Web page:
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Shim v. Millennium Group

June 21, 2010


The opinion of the court was delivered by: Pohorelsky, Magistrate Judge


The plaintiffs obtained a default judgment against all defendants in January 2010, and Judge Block has referred to me this motion for attorneys' fees. The plaintiffs brought this action in October 2008, asserting violations of the Fair Labor Standards Act (the "FLSA"), 29 U.S.C. §§ 201 et seq., related violations of the New York Labor Law (the "NYLL"), § 191 et seq.,and a breach of contract claim.*fn1 The background facts are described in Judge Block's January 2009 order determining liability. See Shim v. Millennium Group, No. 08-CV-4022, 2009 WL 211367, at *1-2 (E.D.N.Y. Jan. 28, 2009) (granting motion for default judgment). Familiarity with those facts and with the procedural developments is assumed. The plaintiffs now request $102,762 in attorneys' fees and $1,561.64 in costs. For the reasons below, I respectfully recommend that the plaintiffs be awarded $34,254 in attorneys' fees and $1,561.64 in costs.


A. The Presumptively Reasonable Fee

Establishing the amount of reasonable attorneys' fees has been the subject of extended discussion in the Second Circuit in recent years. See generally Bliven v. Hunt, 579 F.3d 204, 213 (2d Cir. 2009); Simmons v. New York City Transit Authority, 575 F.3d 170 (2d Cir. 2009); Barfield v. N.Y. City Health & Hosps. Corp., 537 F.3d 132, 151 (2d Cir. 2008); Arbor Hill Concerned Citizens Neighborhood Ass'n v. County of Albany, 522 F.3d 182 (2d Cir. 2008), superseding 493 F.3d 110 (2d Cir. 2007). Reasonable attorneys' fees used to be calculated by what was known as the "lodestar" method, which entailed determining the "number of hours reasonably expended on the litigation [and] multipl[ying that figure] by a reasonable hourly rate." Hensley v. Eckerhart, 461 U.S. 424, 433 (1983); see also Whitney v. Jet Blue Airways Corp., No. 07-CV-1397, 2009 WL 4929274, at *2 (E.D.N.Y. Dec.21, 2009) (providing background and history). Courts would then adjust the lodestar figure by a multiplicative figure, if need be, to reflect the specific considerations of a particular case. See Arbor Hill, 522 F.2d at 186, 190. The reasonableness of hourly rates was guided by the market rate "[p]revailing in the community for similar services of lawyers of reasonably comparable skill, experience, and reputation," Blum v. Stenson, 465 U.S. 886, 896 n.11 (1984); Hensley, 461 U.S. at 433, while the relevant community was generally the "district in which the court sits," Polk v. N.Y. State Dep't of Corr. Servs., 722 F.2d 23, 25 (2d Cir. 1983).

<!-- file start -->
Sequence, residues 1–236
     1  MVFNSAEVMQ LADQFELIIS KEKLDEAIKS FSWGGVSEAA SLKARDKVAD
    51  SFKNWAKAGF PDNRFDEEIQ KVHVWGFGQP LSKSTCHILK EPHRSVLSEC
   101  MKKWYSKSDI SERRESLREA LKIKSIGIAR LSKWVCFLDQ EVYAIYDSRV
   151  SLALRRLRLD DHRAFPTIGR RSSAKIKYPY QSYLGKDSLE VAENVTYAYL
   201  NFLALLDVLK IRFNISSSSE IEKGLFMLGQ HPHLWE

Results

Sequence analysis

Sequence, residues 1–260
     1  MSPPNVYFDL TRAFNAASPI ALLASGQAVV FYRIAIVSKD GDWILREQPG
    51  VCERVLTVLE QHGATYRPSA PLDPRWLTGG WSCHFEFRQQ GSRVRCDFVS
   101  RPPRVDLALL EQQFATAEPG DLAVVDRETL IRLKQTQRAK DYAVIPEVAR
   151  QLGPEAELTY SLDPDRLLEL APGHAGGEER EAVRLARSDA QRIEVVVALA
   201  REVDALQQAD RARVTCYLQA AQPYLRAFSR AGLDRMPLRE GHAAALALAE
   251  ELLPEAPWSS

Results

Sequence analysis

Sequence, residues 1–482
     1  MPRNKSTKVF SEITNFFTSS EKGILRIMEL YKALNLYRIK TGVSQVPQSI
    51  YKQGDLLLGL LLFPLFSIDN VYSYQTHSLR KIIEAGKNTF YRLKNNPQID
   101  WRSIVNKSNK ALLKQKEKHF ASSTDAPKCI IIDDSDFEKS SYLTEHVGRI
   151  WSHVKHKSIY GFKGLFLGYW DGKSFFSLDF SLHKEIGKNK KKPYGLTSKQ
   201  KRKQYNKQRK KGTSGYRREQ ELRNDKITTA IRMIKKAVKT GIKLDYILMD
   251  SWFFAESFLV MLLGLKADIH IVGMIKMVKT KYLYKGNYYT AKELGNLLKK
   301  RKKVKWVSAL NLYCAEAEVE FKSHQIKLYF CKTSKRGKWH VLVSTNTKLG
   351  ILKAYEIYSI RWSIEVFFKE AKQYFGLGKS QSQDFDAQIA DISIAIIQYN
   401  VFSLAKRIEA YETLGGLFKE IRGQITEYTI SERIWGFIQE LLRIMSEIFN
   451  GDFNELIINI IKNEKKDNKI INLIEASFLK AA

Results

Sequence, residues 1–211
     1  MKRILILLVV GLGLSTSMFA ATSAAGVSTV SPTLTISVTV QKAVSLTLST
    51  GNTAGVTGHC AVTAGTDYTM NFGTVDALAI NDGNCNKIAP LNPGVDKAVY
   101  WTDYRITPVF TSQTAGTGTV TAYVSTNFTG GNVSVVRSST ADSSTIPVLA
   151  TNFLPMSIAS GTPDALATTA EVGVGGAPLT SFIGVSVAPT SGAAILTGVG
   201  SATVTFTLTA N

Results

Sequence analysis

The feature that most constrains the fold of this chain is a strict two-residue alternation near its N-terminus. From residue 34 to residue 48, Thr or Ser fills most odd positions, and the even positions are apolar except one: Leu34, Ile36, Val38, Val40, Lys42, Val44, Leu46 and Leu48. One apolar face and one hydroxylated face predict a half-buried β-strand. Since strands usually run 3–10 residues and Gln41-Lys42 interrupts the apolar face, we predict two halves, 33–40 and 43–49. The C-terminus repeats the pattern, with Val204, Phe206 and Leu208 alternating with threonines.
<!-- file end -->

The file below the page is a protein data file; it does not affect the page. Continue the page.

More recently, however, the Second Circuit signaled a departure from the "lodestar" language, in favor of a modified approach that focuses on calculating a "presumptively reasonable fee." See Arbor Hill, 522 F.3d at 190; see also Simmons, 575 F.3d at 172; Barfield, 537 F.3d at 151. Notwithstanding the abandonment of the "lodestar" approach, the presumptively reasonable fee is still determined by reference to the number of hours reasonably expended on a matter and the reasonable fee to be charged for those hours. See generally Bliven, 579 F.3d at 213. Under this approach, the court considers a multitude of case-specific factors*fn2 in order to establish a reasonable hourly rate that a "reasonable, paying client would be willing to pay," and then multiplies that rate by the number of hours reasonably spent on the case. Arbor Hill, 522 F.3d at 184, 190. The product is known as the presumptively reasonable fee. See id. Thus, district courts must now "bear in mind all of the case-specific variables that [the Second Circuit] and other courts have identified as relevant to the reasonableness of attorney's fees in setting a reasonable hourly rate." Arbor Hill, 522 F.3d at 190. (emphasis in original). This determination is undertaken consistent with the principle that a "reasonable paying client wishes to spend the minimum necessary to litigate the case effectively." Id. at 190.

The Second Circuit recently clarified the contours of its approach to attorneys' fees and the presumptively reasonable fee. See McDaniel v. County of Schenectady, 595 F.3d 411 (2d Cir. 2010). The Circuit reiterated that the presumptively reasonable fee represents an approximation of "what a competitive market would bear." Id. at 420. Whereas the traditional lodestar approach had multiplied the hourly rate by the number of hours worked and then used the Johnson factors to reflect case-specific considerations, the Arbor Hill approach essentially front-loads the Johnson factors.*fn3 See McDaniel, 595 F.3d at 420 (citing Arbor Hill and assessing case-specific considerations at the "outset, [and] factoring them into [the court's] determination of a reasonable hourly rate for the attorneys' work."); see also Saunders v. City of New York, No. 07-CV-830, 2009 WL 4729948, at *6 (S.D.N.Y. Dec. 9, 2009) (contrasting the lodestar and Arbor Hill methods and describing how the latter considers Johnson factors "earlier in the fee calculation process"). The court in McDaniel observed that